The Known, the Unknown, and the Unknowable in Financial Risk Management
Measurement and Theory Advancing Practice
Edited by Francis X. Diebold, Neil A. Doherty & Richard J. Herring
A clear understanding of what we know, don't know, and can't know should guide any reasonable approach to managing financial risk, yet the most widely used measure in finance today--Value at Risk, or VaR--reduces these risks to a single number, creating a false sense of security among risk managers, executives, and regulators. This book introduces a more realistic and holistic framework called
nknown, and the
nknowable--that enables one to conceptualize the different kinds of financial risks and design effective strategies for managing them. Bringing together contributions by leaders in finance and economics, this book pushes toward robustifying policies, portfolios, contracts, and organizations to a wide variety of
risks. Along the way, the strengths and limitations of "quantitative" risk management are revealed.
In addition to the editors, the contributors are Ashok Bardhan, Dan Borge, Charles N. Bralver, Riccardo Colacito, Robert H. Edelstein, Robert F. Engle, Charles A. E. Goodhart, Clive W. J. Granger, Paul R. Kleindorfer, Donald L. Kohn, Howard Kunreuther, Andrew Kuritzkes, Robert H. Litzenberger, Benoit B. Mandelbrot, David M. Modest, Alex Muermann, Mark V. Pauly, Til Schuermann, Kenneth E. Scott, Nassim Nicholas Taleb, and Richard J. Zeckhauser.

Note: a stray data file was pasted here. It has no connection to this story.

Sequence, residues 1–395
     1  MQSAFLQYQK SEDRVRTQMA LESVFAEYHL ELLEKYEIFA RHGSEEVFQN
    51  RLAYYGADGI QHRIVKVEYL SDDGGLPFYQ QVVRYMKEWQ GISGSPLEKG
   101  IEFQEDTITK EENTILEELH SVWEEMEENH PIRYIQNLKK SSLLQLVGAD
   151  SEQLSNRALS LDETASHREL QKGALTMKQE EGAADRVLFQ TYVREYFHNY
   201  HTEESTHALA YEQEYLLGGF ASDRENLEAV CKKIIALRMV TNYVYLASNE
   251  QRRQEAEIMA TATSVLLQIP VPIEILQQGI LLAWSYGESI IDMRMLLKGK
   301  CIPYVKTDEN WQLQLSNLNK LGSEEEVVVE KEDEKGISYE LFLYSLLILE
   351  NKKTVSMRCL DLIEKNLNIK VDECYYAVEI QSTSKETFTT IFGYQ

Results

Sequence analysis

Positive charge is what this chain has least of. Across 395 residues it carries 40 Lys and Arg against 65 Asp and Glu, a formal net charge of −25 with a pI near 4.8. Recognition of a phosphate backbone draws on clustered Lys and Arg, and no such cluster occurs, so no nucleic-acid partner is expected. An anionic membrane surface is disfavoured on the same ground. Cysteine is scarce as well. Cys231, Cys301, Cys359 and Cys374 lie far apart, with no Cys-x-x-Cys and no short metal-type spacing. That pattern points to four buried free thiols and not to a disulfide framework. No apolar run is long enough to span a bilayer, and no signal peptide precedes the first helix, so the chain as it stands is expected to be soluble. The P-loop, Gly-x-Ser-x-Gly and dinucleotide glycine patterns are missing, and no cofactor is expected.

- Introduces a new risk-management paradigm
- Features contributions by leaders in finance and economics
- Demonstrates how "killer risks" are often more economic than statistical, and crucially linked to incentives
- Shows how to invest and design policies amid financial uncertainty
Francis X. Diebold is the Paul F. and E. Warren Shafer Miller Professor of Economics at the University of Pennsylvania and professor of finance and statistics at the university's Wharton School. Neil A. Doherty is the Frederick H. Ecker Professor of Insurance and Risk Management at the Wharton School. Richard J. Herring is the Jacob Safra Professor of International Banking and professor of finance at the Wharton School.